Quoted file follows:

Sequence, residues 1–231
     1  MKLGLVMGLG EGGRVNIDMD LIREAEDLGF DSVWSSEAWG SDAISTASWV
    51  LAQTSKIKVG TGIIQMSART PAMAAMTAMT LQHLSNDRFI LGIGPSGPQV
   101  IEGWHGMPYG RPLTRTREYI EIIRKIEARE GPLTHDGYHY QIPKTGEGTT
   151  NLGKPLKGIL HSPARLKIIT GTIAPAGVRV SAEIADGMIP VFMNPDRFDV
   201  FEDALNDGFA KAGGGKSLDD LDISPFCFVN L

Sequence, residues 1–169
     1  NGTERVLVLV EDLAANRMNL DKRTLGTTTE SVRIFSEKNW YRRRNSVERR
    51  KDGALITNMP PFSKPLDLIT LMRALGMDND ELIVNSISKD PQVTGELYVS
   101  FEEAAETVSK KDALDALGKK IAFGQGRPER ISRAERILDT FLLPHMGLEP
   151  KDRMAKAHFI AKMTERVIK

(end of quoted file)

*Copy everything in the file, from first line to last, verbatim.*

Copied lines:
Sequence, residues 1–231
     1  MKLGLVMGLG EGGRVNIDMD LIREAEDLGF DSVWSSEAWG SDAISTASWV
    51  LAQTSKIKVG TGIIQMSART PAMAAMTAMT LQHLSNDRFI LGIGPSGPQV
   101  IEGWHGMPYG RPLTRTREYI EIIRKIEARE GPLTHDGYHY QIPKTGEGTT
   151  NLGKPLKGIL HSPARLKIIT GTIAPAGVRV SAEIADGMIP VFMNPDRFDV
   201  FEDALNDGFA KAGGGKSLDD LDISPFCFVN L

Sequence, residues 1–169
     1  NGTERVLVLV EDLAANRMNL DKRTLGTTTE SVRIFSEKNW YRRRNSVERR
    51  KDGALITNMP PFSKPLDLIT LMRALGMDND ELIVNSISKD PQVTGELYVS
   101  FEEAAETVSK KDALDALGKK IAFGQGRPER ISRAERILDT FLLPHMGLEP
   151  KDRMAKAHFI AKMTERVIK